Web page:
What's next on the new Trump Administration enforcement plans on illegal immigration

While the Trump Administration has now set in motion new guidelines to be used by border and immigration agents in dealing with the detention and removal of people who are in the United States illegally, there could still be hurdles for the President's plan to more thoroughly enforce existing U.S. immigration laws - not only politically, but also in Congress, and in the courts.

Let's take a look at some of those issues:

1. Getting extra money from Congress might not be a snap. The Trump plan envisions 5,000 new border patrol agents and 10,000 new immigration agents. While those agencies may have some spare money around to shift into hiring new employees, permanent dollars will have to be approved by the Congress for the future, and that's where Democrats may be able to hold some leverage. A fight over that may also include a separate legislative battle over billions of dollars that would be needed to build a wall along the border with Mexico. And Democrats were already making noise about slowing down that effort, like Sen. Brian Schatz (D-HI).

2. We're going to need a bigger prison. With the Trump Administration ending the policy known as "catch-and-release" for illegal immigrants, that raises another issue - more money will likely be needed to help pay for detention facilities for illegal immigrants. If the Trump Administration is going to dramatically increase the number of people detained for being in the U.S. illegally, then they will need somewhere to put them - and that means jails, with people to staff them, and companies to run them. Right now, the feds can house about 40,000-50,000 people a day, which one group says comes with a price tag of about $2 billion a year, bringing private prisons into the mix.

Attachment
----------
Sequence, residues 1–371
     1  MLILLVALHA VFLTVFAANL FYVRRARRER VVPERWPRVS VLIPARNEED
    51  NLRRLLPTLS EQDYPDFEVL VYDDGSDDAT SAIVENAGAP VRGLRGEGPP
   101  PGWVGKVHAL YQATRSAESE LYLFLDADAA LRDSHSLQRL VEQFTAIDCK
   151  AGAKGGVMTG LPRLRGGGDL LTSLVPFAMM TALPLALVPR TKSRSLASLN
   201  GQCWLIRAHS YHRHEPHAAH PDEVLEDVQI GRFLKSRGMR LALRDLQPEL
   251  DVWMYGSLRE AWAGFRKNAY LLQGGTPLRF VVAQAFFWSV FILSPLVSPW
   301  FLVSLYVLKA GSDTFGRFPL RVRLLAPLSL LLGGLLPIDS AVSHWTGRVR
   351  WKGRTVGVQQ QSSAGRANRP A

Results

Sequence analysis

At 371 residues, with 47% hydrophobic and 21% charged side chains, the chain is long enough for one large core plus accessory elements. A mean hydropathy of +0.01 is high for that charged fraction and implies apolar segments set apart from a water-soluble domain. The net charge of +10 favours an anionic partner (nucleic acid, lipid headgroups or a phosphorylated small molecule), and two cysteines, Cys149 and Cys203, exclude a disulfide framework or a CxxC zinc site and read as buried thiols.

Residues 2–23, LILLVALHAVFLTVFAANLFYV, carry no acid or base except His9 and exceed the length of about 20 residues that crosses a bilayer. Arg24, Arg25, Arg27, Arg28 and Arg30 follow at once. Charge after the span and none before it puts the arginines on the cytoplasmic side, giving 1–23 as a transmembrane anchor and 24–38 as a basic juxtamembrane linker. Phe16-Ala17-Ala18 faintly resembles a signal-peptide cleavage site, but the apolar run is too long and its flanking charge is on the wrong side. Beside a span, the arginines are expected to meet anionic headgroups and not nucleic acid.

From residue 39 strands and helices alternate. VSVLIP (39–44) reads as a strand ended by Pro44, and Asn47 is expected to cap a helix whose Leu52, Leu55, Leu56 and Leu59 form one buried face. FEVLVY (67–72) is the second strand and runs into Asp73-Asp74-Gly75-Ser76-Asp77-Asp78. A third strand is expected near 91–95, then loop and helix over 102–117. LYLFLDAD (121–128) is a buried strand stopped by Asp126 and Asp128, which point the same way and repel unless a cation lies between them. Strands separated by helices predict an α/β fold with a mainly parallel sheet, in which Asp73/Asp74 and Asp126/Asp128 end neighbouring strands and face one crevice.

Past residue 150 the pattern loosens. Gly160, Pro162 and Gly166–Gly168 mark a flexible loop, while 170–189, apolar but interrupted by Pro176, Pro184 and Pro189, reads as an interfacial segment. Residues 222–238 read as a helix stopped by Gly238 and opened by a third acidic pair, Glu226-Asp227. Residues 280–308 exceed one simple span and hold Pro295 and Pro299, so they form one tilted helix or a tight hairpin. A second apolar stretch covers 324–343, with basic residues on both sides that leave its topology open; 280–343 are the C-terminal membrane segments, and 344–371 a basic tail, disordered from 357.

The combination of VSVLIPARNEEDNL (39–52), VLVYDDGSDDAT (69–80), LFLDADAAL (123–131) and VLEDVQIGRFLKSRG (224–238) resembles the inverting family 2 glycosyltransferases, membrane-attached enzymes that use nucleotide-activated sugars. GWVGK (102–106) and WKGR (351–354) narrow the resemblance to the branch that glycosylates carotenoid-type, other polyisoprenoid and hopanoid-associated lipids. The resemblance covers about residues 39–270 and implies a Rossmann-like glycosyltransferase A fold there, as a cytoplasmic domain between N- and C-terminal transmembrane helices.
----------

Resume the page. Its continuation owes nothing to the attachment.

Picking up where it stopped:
3. This could move swiftly into the courts. As we saw with the reaction to President Trump's travel ban that restricted the refugee resettlement program and travel from seven majority-Muslim nations with terror concerns, there could also be legal challenges to how these immigration plans are implemented. "These memos confirm that the Trump administration is willing to trample on due process, human decency, the well-being of our communities, and even protections for vulnerable children, in pursuit of a hyper-aggressive mass deportation policy," the ACLU said in a statement. The ACLU added on a tweet which basically could have said, "See you in court."

4. Send them back to Mexico, no matter where they're from. One interesting part of the Trump immigration plan is how to deal with people who come over the border with Mexico, but aren't from Mexico. The new immigration guidance says that Section 235(b)(2)(C) of the Immigration and Nationality Act allows the feds to "return aliens arriving on land from a foreign territory contiguous to the United States, to the territory from which they arrived." It's not clear if Mexican authorities would allow non-Mexican nationals to be sent back across the border after being apprehended. Maybe that will be something the Secretary of State and Secretary of Homeland Security will talk about during a visit to Mexico this week.